Margins for grain deliveries can be between $15-$30 a tonne, industry sources familiar with the deals said, indicating a gross margin of up to $2 million for a typical shipment.
The Swiss-based trading arms of Cargill and Bunge are able to continue food deliveries to Iran using non-dollar payments.
“Dealing with countries under sanctions of the U.S., EU, Switzerland is always more difficult,” said Henri Rieux, vice president of corporate affairs at Bunge.
“Nonetheless, such sanctions do always provide the potential trading companies with some, while admittedly limited, latitude to grant the countries under sanctions with the required food for their population,” he added.
Glencore confirmed that it was able to continue deliveries of corn and soymeal to Iran in compliance with sanctions without giving details. Louis Dreyfus did not respond to a request for comment. Cargill declined to comment.
“I think with grains that you will never get into moral arguments. Even if you are providing one side of a conflict that is starving the other - is it better to let them starve as well?,” a Swiss-based industry source said.
The majority of the big players are Swiss-based. Traders say Geneva makes a good hub for pulling the strings on deals such as food trade with Iran as traders need no special permission from Swiss authorities.
In theory, Swiss-based firms can still trade Iranian oil as Switzerland is outside the European Union’s oil embargo, although most big traders say they have stopped dealing with Tehran.
Marie Avet, spokeswoman for the Swiss federal department responsible for sanctions, said that food payments to Iran needed to be declared to the government and confirmed that these transactions were continuing.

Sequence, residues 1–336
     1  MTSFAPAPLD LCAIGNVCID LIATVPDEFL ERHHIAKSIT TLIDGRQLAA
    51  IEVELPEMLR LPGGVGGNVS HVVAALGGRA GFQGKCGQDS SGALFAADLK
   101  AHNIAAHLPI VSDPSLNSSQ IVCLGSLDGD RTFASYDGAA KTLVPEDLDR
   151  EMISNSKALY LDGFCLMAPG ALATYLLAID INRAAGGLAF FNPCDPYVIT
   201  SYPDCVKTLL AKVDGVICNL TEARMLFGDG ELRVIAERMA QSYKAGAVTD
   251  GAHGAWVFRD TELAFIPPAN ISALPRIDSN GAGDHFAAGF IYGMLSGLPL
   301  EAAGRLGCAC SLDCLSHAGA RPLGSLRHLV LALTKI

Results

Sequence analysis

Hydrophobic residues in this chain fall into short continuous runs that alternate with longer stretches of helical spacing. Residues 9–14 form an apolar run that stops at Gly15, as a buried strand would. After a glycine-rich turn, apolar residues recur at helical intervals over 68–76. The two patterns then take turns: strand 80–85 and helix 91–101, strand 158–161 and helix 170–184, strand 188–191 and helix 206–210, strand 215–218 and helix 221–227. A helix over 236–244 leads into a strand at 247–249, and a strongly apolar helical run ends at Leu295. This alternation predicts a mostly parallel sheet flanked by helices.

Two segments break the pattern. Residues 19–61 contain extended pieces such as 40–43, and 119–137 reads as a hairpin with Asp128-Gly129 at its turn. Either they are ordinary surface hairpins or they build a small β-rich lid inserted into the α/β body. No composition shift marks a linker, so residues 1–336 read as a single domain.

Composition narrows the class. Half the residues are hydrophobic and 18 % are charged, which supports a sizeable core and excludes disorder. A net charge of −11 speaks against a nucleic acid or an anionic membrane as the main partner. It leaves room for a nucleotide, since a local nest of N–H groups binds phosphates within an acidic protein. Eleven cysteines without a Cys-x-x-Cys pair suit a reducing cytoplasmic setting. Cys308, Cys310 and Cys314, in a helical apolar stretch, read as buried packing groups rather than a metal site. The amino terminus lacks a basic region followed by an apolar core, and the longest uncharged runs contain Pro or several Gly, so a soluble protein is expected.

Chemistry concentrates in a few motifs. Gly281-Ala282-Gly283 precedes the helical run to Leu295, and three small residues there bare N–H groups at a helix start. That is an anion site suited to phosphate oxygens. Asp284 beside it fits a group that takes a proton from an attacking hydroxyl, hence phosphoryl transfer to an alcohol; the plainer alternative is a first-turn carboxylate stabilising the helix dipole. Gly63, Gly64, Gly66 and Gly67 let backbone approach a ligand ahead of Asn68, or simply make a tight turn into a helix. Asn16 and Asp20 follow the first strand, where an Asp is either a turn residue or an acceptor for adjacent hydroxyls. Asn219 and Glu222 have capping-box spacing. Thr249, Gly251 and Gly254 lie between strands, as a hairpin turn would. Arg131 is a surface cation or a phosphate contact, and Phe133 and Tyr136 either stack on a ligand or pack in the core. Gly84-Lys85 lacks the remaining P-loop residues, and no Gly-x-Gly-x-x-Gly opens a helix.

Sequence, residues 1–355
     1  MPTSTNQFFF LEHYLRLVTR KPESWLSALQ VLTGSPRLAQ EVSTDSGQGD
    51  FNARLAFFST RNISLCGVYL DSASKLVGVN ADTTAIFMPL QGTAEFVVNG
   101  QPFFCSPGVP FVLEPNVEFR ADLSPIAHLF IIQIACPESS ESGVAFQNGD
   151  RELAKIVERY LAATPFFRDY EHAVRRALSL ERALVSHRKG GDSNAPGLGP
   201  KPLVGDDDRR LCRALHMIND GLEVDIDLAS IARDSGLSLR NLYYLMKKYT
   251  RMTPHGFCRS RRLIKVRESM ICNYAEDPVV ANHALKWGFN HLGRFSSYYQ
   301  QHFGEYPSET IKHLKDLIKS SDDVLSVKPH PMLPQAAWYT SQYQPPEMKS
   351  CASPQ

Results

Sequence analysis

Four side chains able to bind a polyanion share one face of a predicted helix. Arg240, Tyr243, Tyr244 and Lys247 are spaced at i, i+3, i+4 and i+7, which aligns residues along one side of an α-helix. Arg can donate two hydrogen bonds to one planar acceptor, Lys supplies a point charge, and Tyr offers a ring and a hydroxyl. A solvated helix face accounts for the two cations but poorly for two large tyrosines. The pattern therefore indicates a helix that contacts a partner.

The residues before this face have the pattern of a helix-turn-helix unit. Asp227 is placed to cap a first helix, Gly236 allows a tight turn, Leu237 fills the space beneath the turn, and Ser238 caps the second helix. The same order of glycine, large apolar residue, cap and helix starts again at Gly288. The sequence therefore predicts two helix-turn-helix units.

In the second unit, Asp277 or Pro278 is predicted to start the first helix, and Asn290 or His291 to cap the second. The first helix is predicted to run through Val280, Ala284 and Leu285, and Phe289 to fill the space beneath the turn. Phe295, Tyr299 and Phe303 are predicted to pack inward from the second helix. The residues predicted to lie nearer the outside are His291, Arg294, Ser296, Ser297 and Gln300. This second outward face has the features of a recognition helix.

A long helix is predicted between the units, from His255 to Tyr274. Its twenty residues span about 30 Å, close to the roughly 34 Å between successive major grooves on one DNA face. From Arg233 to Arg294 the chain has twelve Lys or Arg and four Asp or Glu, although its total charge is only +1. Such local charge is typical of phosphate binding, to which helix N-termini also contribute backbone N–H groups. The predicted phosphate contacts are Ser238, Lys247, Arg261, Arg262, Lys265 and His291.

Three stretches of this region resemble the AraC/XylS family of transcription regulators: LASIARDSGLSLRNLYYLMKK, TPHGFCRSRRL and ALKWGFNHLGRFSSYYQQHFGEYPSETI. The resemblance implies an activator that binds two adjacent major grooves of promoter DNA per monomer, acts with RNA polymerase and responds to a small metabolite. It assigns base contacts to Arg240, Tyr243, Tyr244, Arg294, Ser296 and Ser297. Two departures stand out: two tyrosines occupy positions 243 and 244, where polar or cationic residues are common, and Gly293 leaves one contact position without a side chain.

Rules for U.S. companies are more onerous since they require a special license from the Office of Foreign Asset Controls. EU firms have to get clearance from national authorities.
But even this perfectly legal trade comes with some occupational hazards as traders can get hit by fines for delays while waiting for Iranian counterparties to transfer payment.
“You can’t get trade finance for deals involving Iran, so transactions have to be ”cash against documents“, which is risky if anything goes wrong,” said lawyer Matthew Parish at Geneva law firm Holman Fenwick Willan.
When payment falls through, it can be hard to negotiate a resale of a distressed cargo to a third party near Iranian waters.
Sometimes the big bets backfire in unexpected ways.
In February, Swiss-based Trafigura bought a cargo of discounted oil the South Sudanese government said was seized by Sudan, its northern neighbour.
Trafigura says it made significant efforts to establish ownership but proceeds from the deal were seized by a British court and the matter is legally unresolved.
The row between the two countries led to border fighting and prompted South Sudan to shut oil production despite sourcing 98 percent of its revenue from the commodity.
Also in South Sudan, the government scrapped a contract with Glencore for crude marketing and other services citing unfavourable terms.
But in some places, like Libya, the pay-off can be huge.
In October 2011, Libya’s interim council said it owed $1 billion in payments for fuel - a large portion of which was supplied by traders.
Vitol was the first trader to supply Muammar Gaddafi’s opponents with a fuel lifeline and was subsequently granted access to half of the crude production from Libya’s eastern oil firm Agoco as repayment.
In November, Vitol, Glencore, Gunvor and Trafigura where among those awarded term contracts, in a break with former Libyan policy of restricting sales only to refiners.
“We can’t just eliminate the traders. They are a necessary evil,” Ahmed Shawki, general manager for oil marketing at Libya’s National Oil Corporation, said at the time.
additional reporting by Jonathan Saul in London, Michael Hogan in Hamburg. Editing by Richard Mably and William Hardy